10 Unique Hummingbird Havens
With their tiny size, astounding speed, and attraction to colorful flowers, hummingbirds have always been a fascinating group of avions for the humans lucky enough to catch a fleeting glimpse of them in backyards or wild places. There are over 300 species of trochilidae, or hummingbird, many of which are endangered or endemic to small areas. While the highest population and species diversity of hummingbirds is found in the equatorial nations of South America — hummers are only native to the Americas — they can be encountered as far north as Alaska and as far south as the tip of Chile.
But where are the best places to spot these charismatic birds? We've listen ten unique locations to see hummingbirds in North and South America, including places known for their hummingbird diversity and the presence of rare or endangered species.
Located within the Huachuca Mountains, Ramsey Canyon is one of the prime locations to see hummingbirds in the U.S. An ecological crossroads between desert and tropics, the mountains that rise from the arid surroundings of this part of southeastern Arizona trap rainfall and create island-like biodiverse areas. Among numerous other plants and animals, the Ramsey Canyon wildlife reserve is home to 15 species of hummingbird. Most notable are the berylline and violet-crowned hummingbirds, which breed in Central America but only migrate as far north as the southwestern United States.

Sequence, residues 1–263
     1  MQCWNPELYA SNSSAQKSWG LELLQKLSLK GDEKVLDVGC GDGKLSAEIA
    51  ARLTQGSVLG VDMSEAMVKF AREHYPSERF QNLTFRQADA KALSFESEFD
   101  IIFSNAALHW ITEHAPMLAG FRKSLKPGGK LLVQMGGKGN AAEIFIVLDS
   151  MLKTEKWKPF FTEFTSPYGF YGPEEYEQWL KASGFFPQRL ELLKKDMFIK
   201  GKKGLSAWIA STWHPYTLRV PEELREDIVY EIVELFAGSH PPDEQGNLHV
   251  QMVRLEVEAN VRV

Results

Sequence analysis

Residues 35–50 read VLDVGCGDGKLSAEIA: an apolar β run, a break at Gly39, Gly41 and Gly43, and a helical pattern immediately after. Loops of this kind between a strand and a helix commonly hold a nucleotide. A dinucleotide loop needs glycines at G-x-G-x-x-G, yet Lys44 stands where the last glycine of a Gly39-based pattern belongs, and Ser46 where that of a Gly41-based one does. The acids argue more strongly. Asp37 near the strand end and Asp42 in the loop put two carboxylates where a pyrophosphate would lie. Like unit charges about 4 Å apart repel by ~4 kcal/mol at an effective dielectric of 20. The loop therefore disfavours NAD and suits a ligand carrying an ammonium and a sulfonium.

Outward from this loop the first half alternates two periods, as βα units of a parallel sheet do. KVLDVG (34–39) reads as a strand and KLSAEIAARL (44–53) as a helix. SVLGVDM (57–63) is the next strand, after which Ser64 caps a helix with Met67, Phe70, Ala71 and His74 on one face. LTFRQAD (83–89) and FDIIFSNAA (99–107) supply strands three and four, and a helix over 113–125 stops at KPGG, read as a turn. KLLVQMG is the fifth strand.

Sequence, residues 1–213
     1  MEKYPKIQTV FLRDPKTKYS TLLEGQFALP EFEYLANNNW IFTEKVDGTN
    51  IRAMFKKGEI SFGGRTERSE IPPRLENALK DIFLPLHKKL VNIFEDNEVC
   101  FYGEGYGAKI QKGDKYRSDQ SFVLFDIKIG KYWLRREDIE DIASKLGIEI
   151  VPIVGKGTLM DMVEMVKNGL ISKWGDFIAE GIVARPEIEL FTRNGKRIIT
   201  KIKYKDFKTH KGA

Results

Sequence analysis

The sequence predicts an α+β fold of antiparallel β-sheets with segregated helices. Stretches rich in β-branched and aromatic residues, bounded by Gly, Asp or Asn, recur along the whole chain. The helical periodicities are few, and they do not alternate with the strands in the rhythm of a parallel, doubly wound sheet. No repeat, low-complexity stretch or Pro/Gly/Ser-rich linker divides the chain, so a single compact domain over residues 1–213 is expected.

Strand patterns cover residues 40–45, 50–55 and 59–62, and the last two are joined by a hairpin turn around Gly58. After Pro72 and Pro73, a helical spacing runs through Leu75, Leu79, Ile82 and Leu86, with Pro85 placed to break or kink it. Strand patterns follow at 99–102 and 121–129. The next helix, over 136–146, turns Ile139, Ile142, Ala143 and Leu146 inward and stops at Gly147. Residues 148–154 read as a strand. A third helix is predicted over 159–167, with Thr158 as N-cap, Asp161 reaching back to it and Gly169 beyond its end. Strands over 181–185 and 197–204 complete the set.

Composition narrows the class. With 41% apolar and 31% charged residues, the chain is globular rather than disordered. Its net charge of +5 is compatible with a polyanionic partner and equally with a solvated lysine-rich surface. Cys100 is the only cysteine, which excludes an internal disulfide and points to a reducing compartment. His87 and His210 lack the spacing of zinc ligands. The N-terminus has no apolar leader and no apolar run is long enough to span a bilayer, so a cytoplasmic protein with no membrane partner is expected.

Bandelier park, encompassing an especially biodiverse section of the Parajito Plateau in southern New Mexico, is known by birders as a nesting sanctuary for broad-tailed and black-chinned hummingbirds. Two other hummingbird species, the Calliope and Rufous, can also be spotted seasonally and sporadically among Bandelier's cliffs, valleys, and streams. Like the other hummingbird havens of the U.S., Bandelier's proximity to Mexico makes it a migration destination for hummers and other tropical birds.
3) Cabrillo National Monument, California, United States
Surrounded by city and sea, Cabrillo National Monument is home to marine and mammalian wildlife, as well as birds. Along with Arizona and New Mexico, California is a winter destination for migratory hummingbirds, many of which reside in this protected area south of San Diego. Anna's hummingbird, a species known for its complex song and the stunts performed by its males, is a year-round, nesting resident. But the National Monument is also a stopover for migratory hummers; in April, birders flock to the area to observe the Calliope hummingbird, the smallest bird in the United States.